As I Draft: Choosing One Story (but Writing Two)

In Kuwait I got massage from a Filipino woman named ­Charo. (Her name is not Charo). In our time together she told me stories about arriving to Kuwait, working for an abusive family, finding placement in salons, learning massage, supporting her family back home. For a few years I thought about how to make a story of that story. I was naked. She was clothed. Something about that dynamic – the physical reversal of constructed authority (me, a white woman in the hands of brown woman in a country where racism was daily apparent) and Charo’s interruption of the usual relationship between masseuse and client, her filling all the silence with her story so that I had to listen – something about that dynamic is powerful.

I began to draft the story and yesterday I thought there should be something else happening to the narrator too. Like Charo’s story is a contrast or complement to another narrative. Many of my stories are like this: two or three lines to trace through. One of the stories I submitted to winter workshop is about a woman looking for the hottest water at a public bath in Budapest. But inside that story is another, of the trauma she carries around. Because that is how it works to be a person: we walk through good and terrible days carrying a bunch of good and terrible things.

And events or emotions entangle. I appreciate and examine the complication. There was a year when I wanted to have an affair. That same year a friend’s infant died. When I think of one, I often think of the other. Or when I remember traveling to Australia, I go my grandfather. We were at the gate when I saw my mother’s email. When I think of Australia, I think of a twinned narrative: that I might have canceled a plan and gone home to Wisconsin winter instead. When I think of Australia, I am seven, balancing on the crossbar of Grandpa’s ten-speed, racing down the hill. There was wind and his perspiration and the command not to fidget.

So yesterday I thought about what to add to this Charo story. Give the narrator a separate experience. Entwine the two. But I wonder if the better story is to understate the narrator’s separate life: it is there, given in a few lucid details, but not brought forward.

I consider who is telling the story. And whose story am I telling. The narrator is a white woman like me. I want her to listen like I listened to Charo. How do I write to make the narrator listen, to let the reader hear too? I think now this story is still an entanglement of two: listening is its own story.

Entangled As A Reader

I read The Diary Of Anne Frank when I was twelve or thirteen. I remember laying on the bottom bunk in the room my sister and I shared, sobbing because Anne wouldn’t grow up. She wouldn’t explore kissing or become a teacher. I closed the book and found Mom. I needed her to hold me. I felt Anne’s loss in my body: the abrupt cut in her diary cut me, deeply, because as long as I had pages to turn she and I were the same dreaming adolescent.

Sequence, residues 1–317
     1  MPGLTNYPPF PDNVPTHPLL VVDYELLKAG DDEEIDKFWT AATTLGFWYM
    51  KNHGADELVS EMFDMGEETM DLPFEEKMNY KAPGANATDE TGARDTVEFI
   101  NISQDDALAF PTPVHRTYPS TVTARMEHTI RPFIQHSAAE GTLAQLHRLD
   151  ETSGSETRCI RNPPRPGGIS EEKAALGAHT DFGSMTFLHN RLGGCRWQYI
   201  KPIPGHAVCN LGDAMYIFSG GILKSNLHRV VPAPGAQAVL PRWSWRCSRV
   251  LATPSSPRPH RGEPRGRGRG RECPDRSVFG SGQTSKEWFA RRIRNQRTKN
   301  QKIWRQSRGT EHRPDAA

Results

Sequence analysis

As a kid, I lived in my head. I was always making things up (re: imagining, lying, pretending), carrying the make-believe into real life. This a fantastic way to live as a kid. Even now. But a shift occurred in my pretend when I began reading chapter books. I got sucked into The Boxcar Children and The Littles and Little House On The Prairie. These series gave me templates for pretend, the last, a frontier that I held onto long past wearing a calico bonnet Mom made me, tramping through the backyard. Through high school and into college, I continued reading other frontier fiction like O Pioneers! and Giants In The Earth as well as pioneer women’s diaries. I loved imagining that was my life.

Small leap to think that one reason I determined to move abroad was that frontier fantasy.

Most reading is entanglement with an end. Narrative holds me for its pages, and a little after, or when I remember a title. There are books I remember single lines or scenes from, and I close my eyes, remembering two things at once: my experience as a reader (the surprise, sorrow, pleasure, humor) and my experience as a character, when I lived that line or scene. Isn’t that why we read at all? To go live another life, wearing new skin, looking out through another’s eyes? Don’t we read to entangle ourselves in a place that isn’t the one we’re planted in?

I get entangled in these other lives and find characters who aren’t so different from me: Anne in her diary, wanting; Gauri in The Lowland, not wanting. There’s an ache and joy in finding our own secret or fault in someone else’s hand, turning the pages of their loss and gain. Such beauty in recognizing and connecting with characters, practicing empathy.

There is always more. Please post a book you got entangled in.


I know practically nothing about quantum entanglement aside from a short primer via NPR’s Invisibilia at the top of their show “Entanglement” and a hasty Google search. Even so, I’ve been writing around the idea of

as per
writing and reading

for the past week. Writing last week’s fiction workhorse, I thought about my relationship to my characters. Writers show up in their fictional pieces. Always in tiny ways – a snip of remembered conversation, the name of a restaurant. But sometimes we put more of ourselves into a character. And sometimes a character gets into us. I carry these people around. It’s like a joke my mom told (did it happen? or was it only a joke?) about a woman at a prayer meeting, sending up prayers for all these people in terrible situations. Turns out she was interceding on behalf of a soap opera.

Entanglement is interesting enough to me that I’ll keep exploring. Go listen to the episode linked above. The first story, “Mirror Touch,” is a beautiful and complex picture of synesthesia.